What can Goldilocks teach us?

You know the story of Goldilocks, . Right?

A little girl gets lost in the forest, and stumbles upon a house where 3 bears live, but aren’t currently inside. As she wanders through the house, trying out things that belong to the bears, everything that belongs to the Papa Bear is too big; everything that belongs to the Baby Bear is too small; but everything that belongs to the Momma Bear is just right, fits like a glove, and feels good.

We can apply the Goldilocks story to our health habits and that can predict whether we’ll have success with the new habits that we decide to adopt. Will they be long term habits that feel like your favorite jeans? or will they soon get discarded like that Snuggie that your cousin gave you for Christmas?

See, when we set out to create new habits for ourselves, we want to go towards that sweet spot: stretching juuuuuuust enough so that it’s challenging, but not so much that it’s overwhelming and unsustainable.

Far too often, we set out to make dramatic changes to our routines. And when we commit to these new behaviors, they don’t seem like they’re that out of the ordinary because we base the difficulty off of something that we used to do: “I used to run 3 times a week for 1/2 hour. It seems reasonable, so I’m going to restart that same habit.”

Or that someone who is similar to us is doing: “My friend Mary changed to a vegan diet & is loving it. She said it was easy for her, and she’s a hot mess, so it will probably be easy for me too!”

But if we aren’t able to sustain these changes, it might not be the case that the end goal is too lofty, but maybe the step that we’ve decided to take is too ambitious from where we currently are – our current circumstances, abilities, and lifestyle.

If we used to run 3 times per week, but haven’t done that in a year, we should take a step back, and start more slowly. A lot can change in our lives in a year: schedules, weight, conditioning, personal circumstances and commitments, and so much more that make doing what we used to do unsustainable.

Setting out on behavior goals in this instance is kinda like the Papa Bear – they’re too big, too uncomfortable, & we can feel like we’re getting lost in them. It can be too overwhelming, so we decide to quit.

On the flipside of that, there’s the Baby Bear behavior goals.

You’ve heard me talk about taking small, steps. Things that are easily doable – and believe me when I say that it’s a great strategy. But we also need to feel like we’re making progress. That we’re getting uncomfortable every day for some kind of pay-off. We need to receive some sort of positive affirmation that our behavior is paying off, and putting us in the right direction. It’s not enough to know – we need to feel it.

So, if the behavior goals that we create for ourselves are too small, we might not get that positive confirmation, and therefore again, we’re likely to give up.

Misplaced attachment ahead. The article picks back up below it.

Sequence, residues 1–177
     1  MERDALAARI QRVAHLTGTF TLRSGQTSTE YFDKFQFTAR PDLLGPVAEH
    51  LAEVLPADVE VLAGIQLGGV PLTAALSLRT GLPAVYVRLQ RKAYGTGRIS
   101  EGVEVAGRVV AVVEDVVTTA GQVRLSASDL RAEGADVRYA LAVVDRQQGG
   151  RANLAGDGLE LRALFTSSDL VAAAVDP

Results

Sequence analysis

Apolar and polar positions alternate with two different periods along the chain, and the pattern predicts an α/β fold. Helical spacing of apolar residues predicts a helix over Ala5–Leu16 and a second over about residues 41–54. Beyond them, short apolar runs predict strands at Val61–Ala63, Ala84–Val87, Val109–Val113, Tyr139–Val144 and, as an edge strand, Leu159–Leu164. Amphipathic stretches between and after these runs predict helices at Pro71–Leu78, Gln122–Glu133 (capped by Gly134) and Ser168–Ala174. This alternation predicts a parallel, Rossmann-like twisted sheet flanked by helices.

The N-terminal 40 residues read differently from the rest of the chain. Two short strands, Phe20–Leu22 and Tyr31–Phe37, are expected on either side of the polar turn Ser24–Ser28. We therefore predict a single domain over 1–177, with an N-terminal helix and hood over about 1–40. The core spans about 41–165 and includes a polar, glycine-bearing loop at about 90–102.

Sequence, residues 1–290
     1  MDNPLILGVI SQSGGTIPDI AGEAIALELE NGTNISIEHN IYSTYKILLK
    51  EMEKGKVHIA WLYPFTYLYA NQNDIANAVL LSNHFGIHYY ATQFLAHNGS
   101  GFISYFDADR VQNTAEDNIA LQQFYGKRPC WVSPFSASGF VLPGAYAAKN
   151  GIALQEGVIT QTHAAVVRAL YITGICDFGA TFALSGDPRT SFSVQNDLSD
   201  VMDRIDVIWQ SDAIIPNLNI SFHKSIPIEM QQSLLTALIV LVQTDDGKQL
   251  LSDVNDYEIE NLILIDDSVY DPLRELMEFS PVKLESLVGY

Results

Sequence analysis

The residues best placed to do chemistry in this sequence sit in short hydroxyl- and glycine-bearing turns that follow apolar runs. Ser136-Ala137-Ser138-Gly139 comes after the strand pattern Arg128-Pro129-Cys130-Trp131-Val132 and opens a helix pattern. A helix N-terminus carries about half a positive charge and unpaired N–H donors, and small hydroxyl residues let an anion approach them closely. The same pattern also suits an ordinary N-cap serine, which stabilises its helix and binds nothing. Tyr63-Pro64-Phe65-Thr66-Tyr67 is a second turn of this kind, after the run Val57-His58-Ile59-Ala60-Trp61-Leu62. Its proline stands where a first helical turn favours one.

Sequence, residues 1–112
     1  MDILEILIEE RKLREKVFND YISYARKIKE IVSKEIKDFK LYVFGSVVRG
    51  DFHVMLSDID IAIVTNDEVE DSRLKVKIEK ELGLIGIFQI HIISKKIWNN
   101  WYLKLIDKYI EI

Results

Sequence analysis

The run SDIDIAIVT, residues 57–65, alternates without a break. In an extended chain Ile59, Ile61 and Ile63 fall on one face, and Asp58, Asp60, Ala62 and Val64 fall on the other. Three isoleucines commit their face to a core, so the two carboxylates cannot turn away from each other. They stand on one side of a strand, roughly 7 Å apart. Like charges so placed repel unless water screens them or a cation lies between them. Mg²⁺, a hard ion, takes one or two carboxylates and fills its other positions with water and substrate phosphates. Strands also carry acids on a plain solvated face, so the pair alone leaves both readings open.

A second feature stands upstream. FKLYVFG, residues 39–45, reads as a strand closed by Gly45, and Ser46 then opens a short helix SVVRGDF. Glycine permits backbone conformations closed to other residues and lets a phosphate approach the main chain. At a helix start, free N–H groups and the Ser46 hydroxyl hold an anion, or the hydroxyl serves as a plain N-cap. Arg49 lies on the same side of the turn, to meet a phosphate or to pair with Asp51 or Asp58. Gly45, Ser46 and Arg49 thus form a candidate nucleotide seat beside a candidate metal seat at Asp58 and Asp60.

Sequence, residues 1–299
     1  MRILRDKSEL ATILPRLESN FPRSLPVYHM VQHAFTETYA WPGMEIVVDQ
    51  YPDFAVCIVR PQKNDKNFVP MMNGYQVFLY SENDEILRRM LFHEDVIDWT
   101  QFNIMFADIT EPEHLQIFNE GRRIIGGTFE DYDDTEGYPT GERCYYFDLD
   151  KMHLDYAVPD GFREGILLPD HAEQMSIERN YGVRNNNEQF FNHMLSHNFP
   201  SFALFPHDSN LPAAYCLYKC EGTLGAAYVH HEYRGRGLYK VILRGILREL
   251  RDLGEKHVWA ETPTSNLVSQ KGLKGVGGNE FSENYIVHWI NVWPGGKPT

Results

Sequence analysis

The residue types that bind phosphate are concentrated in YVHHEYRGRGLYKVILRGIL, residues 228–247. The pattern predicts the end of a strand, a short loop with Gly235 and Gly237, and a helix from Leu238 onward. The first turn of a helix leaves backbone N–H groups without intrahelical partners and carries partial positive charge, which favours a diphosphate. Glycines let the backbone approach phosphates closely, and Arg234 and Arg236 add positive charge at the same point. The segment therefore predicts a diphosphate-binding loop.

When we set out on making changes, we want to go towards that sweet spot: the Momma Bear habits: those habits that stretch us juuust enough, but aren’t so uncomfortable that they make us want to stop.

And as much as I love leaning in to habits, and make them easy to sustain, we need to do things that are challenging, that allow us to stretch & grow as people, and that also noticeably contribute to what our end goal is: more energy, better sleep, feeling better, fewer cravings, or better weight.

Like my client Sarah. Sarah wanted to feel like she felt 20 years ago when she was cycling with her husband. She was in the best shape of her life. But with an injury, and life getting in the way, so did her cycling. She set a goal to get back on the bike 3x per week for 30 minutes, and then a longer ride on the weekend.

Seems doable. Right?

But after 2 weeks, it was too much. She was sore. The 30 minutes of riding actually took longer because of the preparation and getting to a safe location. She was ready to give up. And if we weren’t working together, she probably would have.

We pivoted.

We came up with a plan that worked better. That eased her into it, took her schedule into consideration, and even though she isn’t on her bike 4x per week, she IS exercising. She’s happy, she feels better, and she feels like she’s on the road to getting back to where she was 20 years ago (in a 50 year old’s body 😉

So – how do you know what to do?

I probably err on the side of Baby Bear.

1) Honor where you are: It doesn’t matter if you used to do this habit with ease when you were 20, 5 years ago, or 6 months. Acknowledge that your life is different now, and that you might have different challenges than you did before.

2) Make it easy: Set out to do behaviors that are so super simple that you can’t NOT succeed. This does 2 things: It gets us started, but more importantly, it starts to create trust in ourselves. Far too often, we make commitments to ourselves, and we don’t honor them. THIS IS NOT OKAY. We need to have self-integrity. Self-Integrity is doing what we say we’re going to do. If you’re someone who honors commitments to others but not yourself, you’re out of self-integrity & this is step of making it easy will be CRUCIAL for you.

3) Pivot – Don’t Quit: If you don’t succeed – that doesn’t mean anything other than it didn’t work out. Instead of just giving up (on yourself), ask & get curious. Ask why. Why didn’t it work? And then adjust – size the goal down a notch, make a better plan, ask for support – whatever it is that you see got in your way, adjust it & try again.